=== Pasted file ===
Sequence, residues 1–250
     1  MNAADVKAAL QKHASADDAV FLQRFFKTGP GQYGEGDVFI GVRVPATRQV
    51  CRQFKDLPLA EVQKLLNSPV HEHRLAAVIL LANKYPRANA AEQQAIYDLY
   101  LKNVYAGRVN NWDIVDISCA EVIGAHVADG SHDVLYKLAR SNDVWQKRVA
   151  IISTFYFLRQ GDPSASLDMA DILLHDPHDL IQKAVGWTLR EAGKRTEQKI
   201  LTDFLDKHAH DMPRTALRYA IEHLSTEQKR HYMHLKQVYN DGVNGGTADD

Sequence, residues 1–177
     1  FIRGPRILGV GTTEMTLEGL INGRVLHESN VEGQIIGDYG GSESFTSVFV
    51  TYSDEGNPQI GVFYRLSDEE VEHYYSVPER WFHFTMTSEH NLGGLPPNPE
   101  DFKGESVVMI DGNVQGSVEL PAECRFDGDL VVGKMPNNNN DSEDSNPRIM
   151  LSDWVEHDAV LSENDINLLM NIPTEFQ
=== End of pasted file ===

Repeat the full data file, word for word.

Sequence, residues 1–250
     1  MNAADVKAAL QKHASADDAV FLQRFFKTGP GQYGEGDVFI GVRVPATRQV
    51  CRQFKDLPLA EVQKLLNSPV HEHRLAAVIL LANKYPRANA AEQQAIYDLY
   101  LKNVYAGRVN NWDIVDISCA EVIGAHVADG SHDVLYKLAR SNDVWQKRVA
   151  IISTFYFLRQ GDPSASLDMA DILLHDPHDL IQKAVGWTLR EAGKRTEQKI
   201  LTDFLDKHAH DMPRTALRYA IEHLSTEQKR HYMHLKQVYN DGVNGGTADD

Sequence, residues 1–177
     1  FIRGPRILGV GTTEMTLEGL INGRVLHESN VEGQIIGDYG GSESFTSVFV
    51  TYSDEGNPQI GVFYRLSDEE VEHYYSVPER WFHFTMTSEH NLGGLPPNPE
   101  DFKGESVVMI DGNVQGSVEL PAECRFDGDL VVGKMPNNNN DSEDSNPRIM
   151  LSDWVEHDAV LSENDINLLM NIPTEFQ